New Jersey courts often grapple with the issue of domestic violence within family law cases. Judges often err on the side of caution in these cases, but this can lead to a judge overstepping their authority. `The case MC v GT demonstrates such a failure on the part of a judge, and more explicitly outlines the NJ restraining order requirements when relationships become physically violent. The appellate court appears to emphasize the necessity of an unequivocal finding of domestic violence before a judge can issue a restraining order unless there are other pending family matters at hand.
MC had been dating GT for a little while at the time she filed a complaint against him under New Jersey’s Prevention of Domestic Violence Act. At trial, the judge ultimately concluded there was not sufficient evidence to support a finding of domestic violence, and noted reservations about each party’s credibility with the court. The judge specifically held that MC failed to prove that GT acted “with a purpose to alarm or annoy.” Despite these findings, the judge decided to enter a restraining order against GT, citing her equitable powers. GT appealed, arguing that the judge exceeded her authority in issuing the restraining order.
On appeal, the court focused solely on the judge’s assertion that her equitable authority allowed her to issue a restraining order, even though she found insufficient evidence of domestic violence. The appellate court entertained a discussion as to what the NJ restraining order requirements are. The judge at the trial level relied on another appellate case, PJG v PSS. In this case, there were two cross-complaints, with each party accusing the other of domestic violence. The man proved his claim against the woman and so the judge ordered restraints. However, the judge found no evidence of domestic violence against the woman. Similarly, he entered a restraining order against the man anyway. On appeal, the panel agreed that the Act will not “authorize entry of a final restraining order absent preponderating evidence that the defendant committed an act of domestic violence. However, the court also determined that without such an element, that a judge could still enter restraints under the judge’s ‘ample inherent power.’
Another case preceding PJB was NB v TB, also exploring the NJ restraining order requirements. There was a pending matrimonial action between the two parties on top of the claim for a restraining order due to domestic violence. On appeal, the court held that a family judge is permitted to use evidence derived from a failed domestic violence action to issue a restraining order in a pending family matter.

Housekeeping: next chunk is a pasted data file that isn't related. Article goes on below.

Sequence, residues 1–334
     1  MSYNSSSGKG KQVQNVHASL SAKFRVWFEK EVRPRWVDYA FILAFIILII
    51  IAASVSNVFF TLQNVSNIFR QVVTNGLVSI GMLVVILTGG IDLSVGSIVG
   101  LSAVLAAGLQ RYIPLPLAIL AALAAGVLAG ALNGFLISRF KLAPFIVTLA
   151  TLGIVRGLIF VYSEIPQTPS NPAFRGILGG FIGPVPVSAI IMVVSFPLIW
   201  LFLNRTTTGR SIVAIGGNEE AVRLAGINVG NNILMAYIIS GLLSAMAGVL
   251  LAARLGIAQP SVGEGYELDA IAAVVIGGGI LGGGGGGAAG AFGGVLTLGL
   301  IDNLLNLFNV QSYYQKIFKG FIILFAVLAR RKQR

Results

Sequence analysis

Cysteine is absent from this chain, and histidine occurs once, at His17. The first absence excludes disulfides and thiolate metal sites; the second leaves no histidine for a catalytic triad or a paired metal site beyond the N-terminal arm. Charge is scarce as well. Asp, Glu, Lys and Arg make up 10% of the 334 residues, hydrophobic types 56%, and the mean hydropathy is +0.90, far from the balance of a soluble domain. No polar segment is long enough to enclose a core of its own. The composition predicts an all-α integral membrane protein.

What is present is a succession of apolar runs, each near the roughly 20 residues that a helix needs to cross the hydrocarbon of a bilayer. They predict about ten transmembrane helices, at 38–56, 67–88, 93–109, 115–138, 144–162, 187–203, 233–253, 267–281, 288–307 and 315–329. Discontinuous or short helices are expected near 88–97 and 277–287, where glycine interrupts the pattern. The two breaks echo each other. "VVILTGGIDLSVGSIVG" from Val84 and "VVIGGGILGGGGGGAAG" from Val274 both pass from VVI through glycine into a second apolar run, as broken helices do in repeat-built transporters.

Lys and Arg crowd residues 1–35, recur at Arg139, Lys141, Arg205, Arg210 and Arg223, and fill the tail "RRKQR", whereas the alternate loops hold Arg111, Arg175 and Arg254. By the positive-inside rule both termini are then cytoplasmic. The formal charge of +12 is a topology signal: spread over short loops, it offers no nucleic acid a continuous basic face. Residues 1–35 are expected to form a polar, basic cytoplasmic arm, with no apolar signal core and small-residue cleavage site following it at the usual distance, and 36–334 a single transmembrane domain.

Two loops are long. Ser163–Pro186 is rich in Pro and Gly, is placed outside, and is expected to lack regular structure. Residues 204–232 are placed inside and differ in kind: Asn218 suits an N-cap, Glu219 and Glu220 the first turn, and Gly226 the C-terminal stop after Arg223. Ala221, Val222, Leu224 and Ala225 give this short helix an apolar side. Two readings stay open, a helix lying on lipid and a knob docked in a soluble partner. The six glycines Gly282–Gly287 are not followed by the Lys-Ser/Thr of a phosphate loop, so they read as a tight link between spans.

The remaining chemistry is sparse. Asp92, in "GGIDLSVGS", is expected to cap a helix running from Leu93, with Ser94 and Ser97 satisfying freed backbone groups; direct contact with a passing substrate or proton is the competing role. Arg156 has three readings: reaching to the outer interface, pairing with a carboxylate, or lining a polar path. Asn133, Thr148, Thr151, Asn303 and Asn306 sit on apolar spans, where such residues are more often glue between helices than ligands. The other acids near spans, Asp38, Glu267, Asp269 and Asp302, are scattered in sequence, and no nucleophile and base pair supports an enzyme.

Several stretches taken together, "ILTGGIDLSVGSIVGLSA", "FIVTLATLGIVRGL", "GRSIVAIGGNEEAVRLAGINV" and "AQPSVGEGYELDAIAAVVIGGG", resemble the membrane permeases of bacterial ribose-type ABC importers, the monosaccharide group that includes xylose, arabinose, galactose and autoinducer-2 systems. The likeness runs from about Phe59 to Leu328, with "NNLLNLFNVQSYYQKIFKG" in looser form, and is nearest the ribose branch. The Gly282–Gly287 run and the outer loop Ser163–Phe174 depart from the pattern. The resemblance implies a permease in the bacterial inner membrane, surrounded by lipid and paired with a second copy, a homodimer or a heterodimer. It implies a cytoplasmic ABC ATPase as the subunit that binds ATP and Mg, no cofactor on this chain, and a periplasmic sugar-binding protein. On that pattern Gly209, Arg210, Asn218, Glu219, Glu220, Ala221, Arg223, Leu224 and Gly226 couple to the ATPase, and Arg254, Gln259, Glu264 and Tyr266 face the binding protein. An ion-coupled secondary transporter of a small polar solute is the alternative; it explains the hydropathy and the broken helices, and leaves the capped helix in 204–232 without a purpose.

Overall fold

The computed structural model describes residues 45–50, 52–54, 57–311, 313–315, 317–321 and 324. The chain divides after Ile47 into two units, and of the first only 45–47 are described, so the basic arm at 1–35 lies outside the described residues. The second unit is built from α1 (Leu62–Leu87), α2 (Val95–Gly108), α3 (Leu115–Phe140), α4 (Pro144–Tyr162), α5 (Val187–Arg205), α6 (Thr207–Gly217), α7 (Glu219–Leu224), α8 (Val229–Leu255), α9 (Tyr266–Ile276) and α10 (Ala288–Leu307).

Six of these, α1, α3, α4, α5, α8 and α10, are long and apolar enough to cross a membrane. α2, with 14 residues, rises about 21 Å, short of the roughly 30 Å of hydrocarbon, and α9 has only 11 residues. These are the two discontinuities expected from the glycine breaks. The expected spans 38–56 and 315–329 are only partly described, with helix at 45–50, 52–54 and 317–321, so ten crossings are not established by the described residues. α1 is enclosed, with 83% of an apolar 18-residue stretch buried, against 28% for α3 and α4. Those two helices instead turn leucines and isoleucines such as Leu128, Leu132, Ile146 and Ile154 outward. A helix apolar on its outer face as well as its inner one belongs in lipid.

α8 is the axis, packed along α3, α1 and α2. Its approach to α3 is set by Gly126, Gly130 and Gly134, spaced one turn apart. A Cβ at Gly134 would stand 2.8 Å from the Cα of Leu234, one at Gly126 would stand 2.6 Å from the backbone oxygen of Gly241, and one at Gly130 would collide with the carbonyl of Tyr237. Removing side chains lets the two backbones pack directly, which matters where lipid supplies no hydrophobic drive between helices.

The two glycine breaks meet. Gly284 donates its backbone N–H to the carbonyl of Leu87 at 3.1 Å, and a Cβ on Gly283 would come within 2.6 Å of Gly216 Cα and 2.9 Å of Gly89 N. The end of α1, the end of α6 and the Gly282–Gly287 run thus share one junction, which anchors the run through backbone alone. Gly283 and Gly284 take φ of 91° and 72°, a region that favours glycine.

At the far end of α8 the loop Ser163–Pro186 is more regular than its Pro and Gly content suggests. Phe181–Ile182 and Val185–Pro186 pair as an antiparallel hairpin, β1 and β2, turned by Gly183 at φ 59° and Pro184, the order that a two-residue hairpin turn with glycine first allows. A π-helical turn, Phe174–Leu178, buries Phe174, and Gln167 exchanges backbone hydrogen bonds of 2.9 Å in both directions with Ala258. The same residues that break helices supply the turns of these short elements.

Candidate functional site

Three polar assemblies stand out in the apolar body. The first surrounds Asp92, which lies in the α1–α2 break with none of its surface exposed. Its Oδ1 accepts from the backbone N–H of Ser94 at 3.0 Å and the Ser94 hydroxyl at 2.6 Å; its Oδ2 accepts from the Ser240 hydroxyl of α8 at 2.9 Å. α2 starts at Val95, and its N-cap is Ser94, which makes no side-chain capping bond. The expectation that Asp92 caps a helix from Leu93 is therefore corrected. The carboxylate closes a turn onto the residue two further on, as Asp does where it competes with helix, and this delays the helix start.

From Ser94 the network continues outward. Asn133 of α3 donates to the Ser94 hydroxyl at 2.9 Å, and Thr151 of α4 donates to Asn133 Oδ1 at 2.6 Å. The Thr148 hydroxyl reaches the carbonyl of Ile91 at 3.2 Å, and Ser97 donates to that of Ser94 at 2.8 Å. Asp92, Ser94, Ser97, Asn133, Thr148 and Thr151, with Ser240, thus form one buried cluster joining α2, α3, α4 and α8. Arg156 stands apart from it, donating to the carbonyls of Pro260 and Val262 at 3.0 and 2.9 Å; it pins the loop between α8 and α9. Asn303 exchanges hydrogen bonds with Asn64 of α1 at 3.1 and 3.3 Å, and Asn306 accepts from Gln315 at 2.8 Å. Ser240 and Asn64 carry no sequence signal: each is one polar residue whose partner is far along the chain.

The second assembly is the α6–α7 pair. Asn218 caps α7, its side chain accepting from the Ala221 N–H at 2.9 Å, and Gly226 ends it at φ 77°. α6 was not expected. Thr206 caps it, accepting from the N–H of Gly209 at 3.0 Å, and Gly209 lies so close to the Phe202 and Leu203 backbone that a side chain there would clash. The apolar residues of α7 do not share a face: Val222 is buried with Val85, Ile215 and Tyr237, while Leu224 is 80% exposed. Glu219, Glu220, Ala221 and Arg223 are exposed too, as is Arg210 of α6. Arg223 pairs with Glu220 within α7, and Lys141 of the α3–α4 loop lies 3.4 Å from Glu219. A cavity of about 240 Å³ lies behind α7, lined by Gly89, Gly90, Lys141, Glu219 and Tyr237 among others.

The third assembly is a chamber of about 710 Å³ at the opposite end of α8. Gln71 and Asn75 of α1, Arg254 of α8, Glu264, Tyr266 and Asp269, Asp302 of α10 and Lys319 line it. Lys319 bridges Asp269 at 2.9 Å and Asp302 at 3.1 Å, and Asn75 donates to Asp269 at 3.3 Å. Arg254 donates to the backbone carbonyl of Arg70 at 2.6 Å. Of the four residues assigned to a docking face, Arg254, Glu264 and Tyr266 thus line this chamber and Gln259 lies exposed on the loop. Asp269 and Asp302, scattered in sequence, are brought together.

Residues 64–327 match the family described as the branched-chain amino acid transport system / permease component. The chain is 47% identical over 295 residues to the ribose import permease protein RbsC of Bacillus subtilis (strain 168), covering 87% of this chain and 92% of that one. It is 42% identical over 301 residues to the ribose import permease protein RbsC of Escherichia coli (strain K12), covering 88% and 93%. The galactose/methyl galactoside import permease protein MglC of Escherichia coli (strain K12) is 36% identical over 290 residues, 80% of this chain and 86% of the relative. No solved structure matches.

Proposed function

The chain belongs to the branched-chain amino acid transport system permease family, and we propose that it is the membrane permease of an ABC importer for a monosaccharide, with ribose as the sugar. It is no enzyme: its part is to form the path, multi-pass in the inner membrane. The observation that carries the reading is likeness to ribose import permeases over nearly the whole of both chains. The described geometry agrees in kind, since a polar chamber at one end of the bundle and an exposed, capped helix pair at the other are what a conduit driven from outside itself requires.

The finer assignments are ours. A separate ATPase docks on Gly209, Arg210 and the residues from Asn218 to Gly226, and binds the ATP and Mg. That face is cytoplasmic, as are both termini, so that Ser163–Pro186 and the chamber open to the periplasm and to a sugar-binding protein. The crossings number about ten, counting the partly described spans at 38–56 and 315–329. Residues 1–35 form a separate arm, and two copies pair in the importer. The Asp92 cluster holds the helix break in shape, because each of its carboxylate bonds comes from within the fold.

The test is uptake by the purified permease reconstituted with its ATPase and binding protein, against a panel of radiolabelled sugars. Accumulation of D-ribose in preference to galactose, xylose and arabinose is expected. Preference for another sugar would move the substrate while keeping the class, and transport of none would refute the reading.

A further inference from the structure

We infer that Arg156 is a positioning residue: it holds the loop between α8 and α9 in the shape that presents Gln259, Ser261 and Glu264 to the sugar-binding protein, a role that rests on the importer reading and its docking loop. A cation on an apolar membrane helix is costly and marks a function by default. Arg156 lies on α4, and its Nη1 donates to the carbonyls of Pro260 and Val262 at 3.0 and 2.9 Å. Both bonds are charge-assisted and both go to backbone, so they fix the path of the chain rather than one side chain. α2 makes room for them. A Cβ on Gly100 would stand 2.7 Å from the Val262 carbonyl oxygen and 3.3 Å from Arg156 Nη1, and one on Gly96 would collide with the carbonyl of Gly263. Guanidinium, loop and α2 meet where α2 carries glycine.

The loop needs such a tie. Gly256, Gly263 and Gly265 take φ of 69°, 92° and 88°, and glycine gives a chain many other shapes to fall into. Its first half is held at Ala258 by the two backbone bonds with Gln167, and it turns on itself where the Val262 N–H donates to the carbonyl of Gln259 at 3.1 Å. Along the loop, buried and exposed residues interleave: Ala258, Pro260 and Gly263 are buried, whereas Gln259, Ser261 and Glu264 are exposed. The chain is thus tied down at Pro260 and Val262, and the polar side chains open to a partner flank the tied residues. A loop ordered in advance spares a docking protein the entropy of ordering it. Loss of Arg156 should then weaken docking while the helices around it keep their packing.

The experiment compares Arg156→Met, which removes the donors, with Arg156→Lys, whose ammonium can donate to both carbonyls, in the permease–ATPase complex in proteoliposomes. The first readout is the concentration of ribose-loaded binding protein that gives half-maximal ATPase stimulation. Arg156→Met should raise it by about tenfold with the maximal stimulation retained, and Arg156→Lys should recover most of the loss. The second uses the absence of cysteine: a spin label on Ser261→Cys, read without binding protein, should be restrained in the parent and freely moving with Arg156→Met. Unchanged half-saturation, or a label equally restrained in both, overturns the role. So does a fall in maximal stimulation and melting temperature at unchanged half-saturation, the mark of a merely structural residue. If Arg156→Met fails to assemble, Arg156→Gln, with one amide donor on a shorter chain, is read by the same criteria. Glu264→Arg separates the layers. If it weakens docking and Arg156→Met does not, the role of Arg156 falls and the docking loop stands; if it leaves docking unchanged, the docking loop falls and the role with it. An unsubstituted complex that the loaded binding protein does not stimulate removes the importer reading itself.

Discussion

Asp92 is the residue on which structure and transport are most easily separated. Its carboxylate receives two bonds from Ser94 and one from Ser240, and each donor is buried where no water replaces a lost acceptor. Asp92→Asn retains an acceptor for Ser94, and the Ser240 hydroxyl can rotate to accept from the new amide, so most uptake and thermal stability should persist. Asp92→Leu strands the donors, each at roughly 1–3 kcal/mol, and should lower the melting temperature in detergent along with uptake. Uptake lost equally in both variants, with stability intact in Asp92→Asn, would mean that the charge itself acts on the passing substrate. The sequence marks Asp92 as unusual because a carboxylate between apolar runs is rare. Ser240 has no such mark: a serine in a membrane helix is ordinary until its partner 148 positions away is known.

The appellate court distinguished both PJG and NB from the instant case, noting that there was another pending cross-action between the parties involving domestic violence, and only upon hearing evidence in these claims, albeit failed ones, the judge entered a restraining order. Clearly, in the case at bar, the holdings do not support this scenario. The judge entered a restraining order against GT although MC failed to prove an act of violence was committed by him. There were no other pending actions, and therefore the equitable powers of the court as approved of in PGS are inapplicable. The court vacated the restraining order and remanded for dismissal. NJ restraining order requirements include a clear finding of domestic violence for cases standing alone.
Notably, the panel included in a footnote that, despite the holdings in PJG and NB, future courts should remain cautious about imposing a restraining order in another pending action based on evidence derived from a domestic violence hearing without providing adequate notice for the potential of such an outcome. Practitioners should also proceed with caution for clients requesting a restraining order, and ensure that the evidence at hand would support the issuance of the said order from the courts. If you have any questions concerning NJ restraining order requirements, call the Law Offices of Peter Van Aulen today at (201) 845-7400 for a consultation.